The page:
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The #1 Worst Drink for Your Liver, New Study Says

This perhaps unexpected beverage is seemingly contributing to a disease that affects 25% of Americans.

Maybe you intuitively understand that because the liver filters toxins from your body, it's essential to keep this important organ healthy. And often, when we talk about liver damage, the first thing that comes to mind is alcohol. However, new research reveals an entirely different category of drink is what commonly harms the liver… and unlike alcohol, there's no minimum required age for this type of beverage.

Keep reading to learn what medical and public health researchers in Boston say may be the worst beverage for its effect on your liver. Also, don't miss Coffee and Eggs Increase the Risk of This Serious Cancer, New Study Suggests.

The Framingham Heart Study


A little background on this study: The Framingham Heart Study, which began in the Boston region in 1948, has been an ongoing and important influence in educating the public that lifestyle choices (like smoking and diet) can significantly impact health and longevity.

Now, medical and public health researchers from the Boston University School of Medicine (with support from Harvard Medical School) have published an interesting update in Clinical Gastroenterology and Hepatology, based on the current phase of the Framingham Heart Study.

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A new subset of the study.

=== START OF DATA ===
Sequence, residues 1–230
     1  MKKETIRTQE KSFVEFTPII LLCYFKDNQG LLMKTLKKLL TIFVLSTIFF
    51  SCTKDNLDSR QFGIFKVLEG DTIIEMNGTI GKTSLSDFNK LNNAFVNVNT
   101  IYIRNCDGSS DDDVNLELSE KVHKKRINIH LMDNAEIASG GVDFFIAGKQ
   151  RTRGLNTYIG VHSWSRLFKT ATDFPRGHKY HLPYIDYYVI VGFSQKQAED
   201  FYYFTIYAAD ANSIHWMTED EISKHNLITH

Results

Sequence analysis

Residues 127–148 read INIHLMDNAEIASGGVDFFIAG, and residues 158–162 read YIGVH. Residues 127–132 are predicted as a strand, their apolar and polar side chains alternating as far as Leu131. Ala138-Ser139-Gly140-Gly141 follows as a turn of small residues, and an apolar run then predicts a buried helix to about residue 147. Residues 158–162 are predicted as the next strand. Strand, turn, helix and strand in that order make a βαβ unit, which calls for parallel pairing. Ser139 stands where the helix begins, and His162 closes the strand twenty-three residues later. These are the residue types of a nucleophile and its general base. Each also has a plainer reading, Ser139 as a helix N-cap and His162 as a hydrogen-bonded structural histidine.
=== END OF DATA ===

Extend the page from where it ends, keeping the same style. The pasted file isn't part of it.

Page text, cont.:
Multi generation black family at home

For this newly published paper, the researchers state they conducted "a prospective observational study of participants from the FHS Third Generation and Offspring cohorts." This sample has been under examination since around 2002.

This phase looked at 1,636 descendants of the original study cohort. The average age of the "offspring" participants was 63 years, while the third generation cohort's average age was 48. Fifty-two percent of this set were women.

RELATED: Signs of Alzheimer's Usually Ignored by Women

Non-alcoholic fatty liver disease.


The participants reported the frequency to which they drink sugar-sweetened beverages or soda, and the researchers weighed these self-reports against the incidence of non-alcoholic fatty liver disease—"a condition in which excess fat is stored in your liver," according to the National Institute of Health (NIH). The Mayo Clinic suggests non-alcoholic fatty liver disease affects one in four Americans.

The NIH says non-alcoholic fatty liver disease may not lead to serious health complications, but it can cause enlargement of the liver… and therefore, pain.

The effect of sugar-sweetened beverages on the liver.


According to this part of the Framingham Heart Study, non-alcoholic fatty liver disease may be prevented by cutting out sugar-sweetened beverages. That's because, as the researchers report, frequent sugar-sweetened beverage consumers (who reported drinking it anywhere between more than once a day to more than once a week) had a two-and-a-half times greater odds of non-alcoholic fatty liver disease, compared to non-consumers.

"Occasional" sugar-sweetened drink consumers (that is, between once a month to less than once a week) also saw "a more adverse increase in liver fat compared to non-consumers," the researchers report.

The good news? We recently reported on another study that suggested what you could eat more of to help prevent non-alcoholic fatty liver disease.

For more of the latest food and health news, keep reading:

Krissy Gasbarre
Krissy is a senior news editor at Eat This, Not That!, managing morning and weekend news related to nutrition, wellness, restaurants and groceries (with a focus on beverages), and more. Read more about Krissy
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